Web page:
Jules Gibbs

Your Old Animal

Last night you lifted a weightless bird and ate its six blue plumes.

Your last elite act, it gave you a temporary fear

of phosphorescence and gravity, and a dry cough. Soon

you’ll have to dine on your own grandmother

as she recommended herself on a recent menu,

an appetizer, and was largely responsible for your care and feeding

when you were helpless. To conserve energy, the best way to locate

food is to wait for your prey to get hungry

and go looking for a meal. Glow worms are great at this.

The blind salamander and the giant, too. The polar bear falling

though ice has lost half her body mass and will die. Sun and salt

turn against her, and she’s consumed. Nobody prays anymore.

Nobody fishes. What we send out is sacrificial without the wish,

an opportunity in catastrophe, the cue we take

from famished children climbing out of bunkers, shaking

off debris, their New World noses snouting

Old World undertones, earthy truffles followed by morels

followed by Mother’s Apple Stew. Some say End of times; others say

Delicious. Here’s a memory to let go: a bell clangs from the back door

and the door squeaks on its hinges and slams seven times

as all the piglets come running. Dinnertime, a passé tradition

where the air drains itself of color until pork and corn

steep the atmosphere. Also, this: thanking the Trinity who fortified

every meal: meat (Father), potatoes (Holy Ghost), a murdered vegetable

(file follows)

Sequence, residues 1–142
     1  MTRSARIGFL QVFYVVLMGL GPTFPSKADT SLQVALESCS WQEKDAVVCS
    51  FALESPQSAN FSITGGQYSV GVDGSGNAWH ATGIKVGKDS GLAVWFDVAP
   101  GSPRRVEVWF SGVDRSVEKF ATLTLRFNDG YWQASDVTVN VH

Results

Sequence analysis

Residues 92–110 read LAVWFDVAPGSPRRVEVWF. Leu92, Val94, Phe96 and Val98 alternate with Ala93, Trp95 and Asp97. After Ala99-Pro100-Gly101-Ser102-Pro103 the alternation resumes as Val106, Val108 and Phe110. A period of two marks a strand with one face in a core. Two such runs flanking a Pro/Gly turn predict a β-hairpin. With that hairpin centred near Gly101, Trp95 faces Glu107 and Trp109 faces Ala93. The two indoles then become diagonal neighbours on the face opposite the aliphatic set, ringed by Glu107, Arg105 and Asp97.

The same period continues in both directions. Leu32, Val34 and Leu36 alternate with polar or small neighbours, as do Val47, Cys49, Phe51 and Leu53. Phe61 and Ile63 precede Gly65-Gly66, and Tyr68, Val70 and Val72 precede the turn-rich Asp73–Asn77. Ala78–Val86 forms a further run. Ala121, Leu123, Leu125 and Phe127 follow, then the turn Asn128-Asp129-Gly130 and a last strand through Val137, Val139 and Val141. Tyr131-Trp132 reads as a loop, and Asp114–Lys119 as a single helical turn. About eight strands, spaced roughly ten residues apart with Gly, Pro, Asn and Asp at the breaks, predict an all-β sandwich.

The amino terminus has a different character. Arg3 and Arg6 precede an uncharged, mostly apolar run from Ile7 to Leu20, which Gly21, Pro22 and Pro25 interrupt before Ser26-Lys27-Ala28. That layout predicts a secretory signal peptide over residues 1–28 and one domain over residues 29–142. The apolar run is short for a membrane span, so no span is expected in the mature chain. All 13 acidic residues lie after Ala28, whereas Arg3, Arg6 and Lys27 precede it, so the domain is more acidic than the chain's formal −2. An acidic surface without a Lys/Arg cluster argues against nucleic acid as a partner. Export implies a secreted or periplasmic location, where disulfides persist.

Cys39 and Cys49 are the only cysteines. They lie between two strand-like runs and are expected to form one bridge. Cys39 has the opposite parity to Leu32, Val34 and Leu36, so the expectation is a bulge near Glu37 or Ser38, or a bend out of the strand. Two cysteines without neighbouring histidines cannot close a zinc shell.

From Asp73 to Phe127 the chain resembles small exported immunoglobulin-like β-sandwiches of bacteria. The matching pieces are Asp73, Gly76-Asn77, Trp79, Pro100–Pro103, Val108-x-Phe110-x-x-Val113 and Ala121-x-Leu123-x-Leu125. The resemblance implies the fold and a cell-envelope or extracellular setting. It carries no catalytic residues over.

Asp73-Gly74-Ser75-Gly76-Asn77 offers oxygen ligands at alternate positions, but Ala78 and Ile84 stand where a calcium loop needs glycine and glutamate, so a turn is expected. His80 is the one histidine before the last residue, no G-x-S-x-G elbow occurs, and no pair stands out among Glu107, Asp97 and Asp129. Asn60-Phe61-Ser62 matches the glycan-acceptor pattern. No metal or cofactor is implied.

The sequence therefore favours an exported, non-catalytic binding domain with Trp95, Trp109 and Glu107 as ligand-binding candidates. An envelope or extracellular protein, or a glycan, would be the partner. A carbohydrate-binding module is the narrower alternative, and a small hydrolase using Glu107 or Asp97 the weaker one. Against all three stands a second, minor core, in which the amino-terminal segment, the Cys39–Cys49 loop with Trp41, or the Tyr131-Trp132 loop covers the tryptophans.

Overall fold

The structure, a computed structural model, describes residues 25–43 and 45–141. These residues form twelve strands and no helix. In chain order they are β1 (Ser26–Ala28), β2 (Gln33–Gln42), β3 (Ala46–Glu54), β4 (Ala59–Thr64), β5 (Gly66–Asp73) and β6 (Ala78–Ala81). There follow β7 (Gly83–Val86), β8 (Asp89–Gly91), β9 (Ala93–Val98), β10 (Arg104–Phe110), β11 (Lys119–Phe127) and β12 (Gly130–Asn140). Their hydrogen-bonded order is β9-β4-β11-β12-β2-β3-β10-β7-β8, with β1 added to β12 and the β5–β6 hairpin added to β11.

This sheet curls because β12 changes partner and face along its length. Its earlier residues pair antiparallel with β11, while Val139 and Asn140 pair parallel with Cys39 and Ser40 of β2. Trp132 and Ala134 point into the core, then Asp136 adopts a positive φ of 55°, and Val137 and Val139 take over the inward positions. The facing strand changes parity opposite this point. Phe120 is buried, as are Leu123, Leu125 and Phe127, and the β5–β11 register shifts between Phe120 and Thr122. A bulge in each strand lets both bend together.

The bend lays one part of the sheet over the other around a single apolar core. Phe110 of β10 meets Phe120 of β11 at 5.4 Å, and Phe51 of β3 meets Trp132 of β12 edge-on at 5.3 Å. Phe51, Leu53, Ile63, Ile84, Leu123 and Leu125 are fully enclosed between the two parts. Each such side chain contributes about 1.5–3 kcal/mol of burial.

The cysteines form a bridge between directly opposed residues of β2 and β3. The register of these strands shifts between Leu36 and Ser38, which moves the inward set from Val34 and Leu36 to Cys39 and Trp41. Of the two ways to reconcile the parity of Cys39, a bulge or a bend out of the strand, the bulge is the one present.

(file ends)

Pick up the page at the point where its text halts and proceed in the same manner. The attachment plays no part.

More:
(Son) swimming in clarified butter. It’s all gone the way of Nuevo Fusion

and Unitarianism. Your stomach turns when the moon rises, carcasses

creep into dreams and you’re asked to look into the bleeding, bleating

mouth of a half-slaughtered goat (part sustenance, part sacrifice);

you sustain, I sacrifice. The next night it’s dog or sloth

or hammerhead shark. Now the meat they feed you might say anything —

any animal comes to beg the worst answers, knowing

you have amassed its mass, thoughtlessly, passively, as if

the good times could have lasted and you are shamed, crying,

brimming with the confessions tiny women speak

to tiny priests, innards and delicate bones you’ve been nibbling since birth.

They feed on your consequence. Consequently, you get desperately hungry again

and sometimes you are too scared to answer to the food

and your hunger makes you lonely and you pick up the dead phone.

It’s terrible how no one ever reveals anything about their inner lives

and when they do, you can’t digest what they say

and you want your loneliness back. That much hasn’t changed.

That, and you haven’t turned to your own flesh to stay alive, not yet,

not more than a little nibble. Need, like hunger, is outwardly inclined,

expanding with the universe. It’s pointless to weep for your old animal,

call it back in whatever specious form it might take now,

bolus of tooth, fur, claw, feather, bone,

as if you might rekindle some old appetite

for intimacy, as if it you wouldn’t just tear each other to pieces.




“Your Old Animal” first appeared in Gulf Coast, winter/spring 2011, Vol 23, issue 1.